Once I went to an American Embassy organised event and of the over 100 people who were there, they asked me and Sindiwe Magona to stand up as the two writers in the room. At that point I thought ‘shit, I better start taking myself seriously if I’m going to be able to stand up with great women writers like Magona.’ My memory of her from that event was of a woman who radiated calm. It felt wonderful just to be in her presence.
To My Children’s Children is a letter, or memoir, from a Xhosa grandmother to her grandchildren – a project undertaken with the desire that as the world changes, some memories and rituals should not be forgotten. The story follows her life up until she is 23 years old. She asks in the preface
“How will you know who you are if I do not or cannot tell you the story of your past?”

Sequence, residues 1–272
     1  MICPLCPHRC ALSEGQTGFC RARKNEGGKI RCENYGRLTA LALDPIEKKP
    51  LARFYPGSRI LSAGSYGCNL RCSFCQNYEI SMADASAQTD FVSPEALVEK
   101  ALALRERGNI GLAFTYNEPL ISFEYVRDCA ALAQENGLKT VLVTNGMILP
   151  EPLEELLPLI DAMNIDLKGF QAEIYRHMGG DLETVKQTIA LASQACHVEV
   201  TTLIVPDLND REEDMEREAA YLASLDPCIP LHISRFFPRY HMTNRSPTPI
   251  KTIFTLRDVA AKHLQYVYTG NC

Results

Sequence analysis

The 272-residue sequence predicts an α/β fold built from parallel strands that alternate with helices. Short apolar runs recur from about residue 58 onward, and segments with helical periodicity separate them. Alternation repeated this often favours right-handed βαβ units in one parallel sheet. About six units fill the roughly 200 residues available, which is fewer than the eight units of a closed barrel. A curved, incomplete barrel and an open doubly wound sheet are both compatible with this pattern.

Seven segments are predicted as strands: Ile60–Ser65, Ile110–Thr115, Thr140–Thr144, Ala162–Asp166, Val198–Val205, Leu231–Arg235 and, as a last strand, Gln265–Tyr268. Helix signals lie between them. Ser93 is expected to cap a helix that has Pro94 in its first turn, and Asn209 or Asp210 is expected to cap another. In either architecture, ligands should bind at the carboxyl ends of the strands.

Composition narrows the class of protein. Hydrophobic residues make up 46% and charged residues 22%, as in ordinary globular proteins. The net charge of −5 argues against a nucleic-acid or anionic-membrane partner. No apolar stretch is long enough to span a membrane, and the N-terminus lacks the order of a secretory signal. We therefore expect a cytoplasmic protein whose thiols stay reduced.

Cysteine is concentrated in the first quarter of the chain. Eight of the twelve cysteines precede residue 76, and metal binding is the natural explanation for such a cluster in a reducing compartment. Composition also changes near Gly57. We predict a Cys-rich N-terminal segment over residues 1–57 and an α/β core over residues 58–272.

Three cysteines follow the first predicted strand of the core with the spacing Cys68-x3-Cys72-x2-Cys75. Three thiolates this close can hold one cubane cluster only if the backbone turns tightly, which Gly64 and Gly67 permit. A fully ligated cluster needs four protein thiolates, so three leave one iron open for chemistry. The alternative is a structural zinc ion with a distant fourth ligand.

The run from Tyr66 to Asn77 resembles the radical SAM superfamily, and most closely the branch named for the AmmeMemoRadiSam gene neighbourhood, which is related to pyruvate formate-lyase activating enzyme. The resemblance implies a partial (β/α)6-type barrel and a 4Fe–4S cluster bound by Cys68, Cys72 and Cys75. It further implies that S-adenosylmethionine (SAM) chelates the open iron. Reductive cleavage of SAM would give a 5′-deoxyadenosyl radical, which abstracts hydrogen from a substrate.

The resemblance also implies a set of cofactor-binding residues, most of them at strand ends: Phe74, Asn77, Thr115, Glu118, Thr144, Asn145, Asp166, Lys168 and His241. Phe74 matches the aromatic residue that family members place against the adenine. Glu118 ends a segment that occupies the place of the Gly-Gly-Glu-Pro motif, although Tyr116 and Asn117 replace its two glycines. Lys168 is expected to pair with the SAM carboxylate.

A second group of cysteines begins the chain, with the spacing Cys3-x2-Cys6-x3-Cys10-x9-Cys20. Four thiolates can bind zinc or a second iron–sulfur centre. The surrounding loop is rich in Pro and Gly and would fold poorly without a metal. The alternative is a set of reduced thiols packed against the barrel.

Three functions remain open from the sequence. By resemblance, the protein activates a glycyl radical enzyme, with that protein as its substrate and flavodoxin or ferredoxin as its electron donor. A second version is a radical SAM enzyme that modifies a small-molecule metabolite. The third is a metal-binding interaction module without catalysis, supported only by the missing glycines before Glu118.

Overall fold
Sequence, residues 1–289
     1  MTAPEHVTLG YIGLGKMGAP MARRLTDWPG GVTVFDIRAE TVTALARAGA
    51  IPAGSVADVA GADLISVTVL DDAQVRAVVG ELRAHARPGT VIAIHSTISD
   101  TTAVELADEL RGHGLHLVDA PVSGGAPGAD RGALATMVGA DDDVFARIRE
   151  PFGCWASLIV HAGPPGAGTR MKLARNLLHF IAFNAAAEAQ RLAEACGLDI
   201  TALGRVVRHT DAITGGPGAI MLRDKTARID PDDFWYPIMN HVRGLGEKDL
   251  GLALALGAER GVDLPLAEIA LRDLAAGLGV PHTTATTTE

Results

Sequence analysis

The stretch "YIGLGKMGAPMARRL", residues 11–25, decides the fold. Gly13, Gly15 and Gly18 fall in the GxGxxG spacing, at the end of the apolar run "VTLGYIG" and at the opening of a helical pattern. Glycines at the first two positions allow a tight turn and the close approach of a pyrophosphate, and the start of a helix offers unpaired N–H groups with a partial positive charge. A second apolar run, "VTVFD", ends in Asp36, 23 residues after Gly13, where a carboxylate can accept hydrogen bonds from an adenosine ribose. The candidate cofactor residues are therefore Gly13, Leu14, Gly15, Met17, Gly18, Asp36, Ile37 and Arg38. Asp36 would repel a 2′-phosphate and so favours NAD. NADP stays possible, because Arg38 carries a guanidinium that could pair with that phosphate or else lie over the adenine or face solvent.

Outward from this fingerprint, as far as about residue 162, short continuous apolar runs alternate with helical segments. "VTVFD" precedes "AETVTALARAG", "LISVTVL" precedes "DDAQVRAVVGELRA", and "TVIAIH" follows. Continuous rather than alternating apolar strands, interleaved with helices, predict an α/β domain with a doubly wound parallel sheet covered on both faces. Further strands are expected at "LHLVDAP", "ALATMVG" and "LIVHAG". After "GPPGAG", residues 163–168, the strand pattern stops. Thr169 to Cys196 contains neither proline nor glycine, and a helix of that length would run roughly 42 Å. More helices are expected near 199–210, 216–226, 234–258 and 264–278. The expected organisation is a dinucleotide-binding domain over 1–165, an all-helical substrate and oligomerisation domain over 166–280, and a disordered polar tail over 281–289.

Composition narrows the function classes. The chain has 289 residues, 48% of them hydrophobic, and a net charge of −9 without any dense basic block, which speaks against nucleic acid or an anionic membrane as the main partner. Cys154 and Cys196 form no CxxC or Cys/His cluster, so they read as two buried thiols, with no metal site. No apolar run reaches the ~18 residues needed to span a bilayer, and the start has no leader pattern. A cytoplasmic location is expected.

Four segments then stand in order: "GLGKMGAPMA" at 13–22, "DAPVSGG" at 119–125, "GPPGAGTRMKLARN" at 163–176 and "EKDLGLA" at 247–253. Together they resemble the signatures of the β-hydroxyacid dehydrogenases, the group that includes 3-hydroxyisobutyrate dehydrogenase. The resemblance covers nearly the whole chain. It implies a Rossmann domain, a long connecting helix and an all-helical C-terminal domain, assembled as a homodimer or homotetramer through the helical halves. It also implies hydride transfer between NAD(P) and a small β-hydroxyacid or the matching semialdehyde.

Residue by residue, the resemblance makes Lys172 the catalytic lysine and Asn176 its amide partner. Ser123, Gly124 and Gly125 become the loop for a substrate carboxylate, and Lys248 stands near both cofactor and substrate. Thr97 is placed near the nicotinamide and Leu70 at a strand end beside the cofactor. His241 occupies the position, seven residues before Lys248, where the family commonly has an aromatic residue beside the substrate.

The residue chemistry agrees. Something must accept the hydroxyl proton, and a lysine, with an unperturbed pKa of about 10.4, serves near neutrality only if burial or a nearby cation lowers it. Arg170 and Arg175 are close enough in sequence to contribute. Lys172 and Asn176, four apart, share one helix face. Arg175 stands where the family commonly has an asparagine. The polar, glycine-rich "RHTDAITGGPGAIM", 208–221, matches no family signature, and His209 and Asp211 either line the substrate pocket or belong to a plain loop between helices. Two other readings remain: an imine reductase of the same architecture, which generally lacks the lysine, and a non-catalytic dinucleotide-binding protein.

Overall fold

Her prose is lyrical and what is perhaps most magical about is the way that the story is written – when she writes of her childhood you feel as though you are listening to the words of a child, the world takes on a mystical and innocent quality. As Magona tells of her adulthood the issues tackled and descriptions used become more serious, more analytical. She is self-deprecating and very very funny. I love sarcasm, always, and Magona’s sense of humour had me smiling.
I also value the book as a project. Both of my grandmothers have passed away and I feel sad that their stories were never documented. All we have left now are stories about them, and as is normal, grandparents always seem old in a child’s mind. This means that we missed out on knowing about their youth, their hopes and dreams as children. More than one of us at the AWDF and FEMRITE women’s writing workshop this year spoke about documenting the stories of older women, and I think it is really an essential project.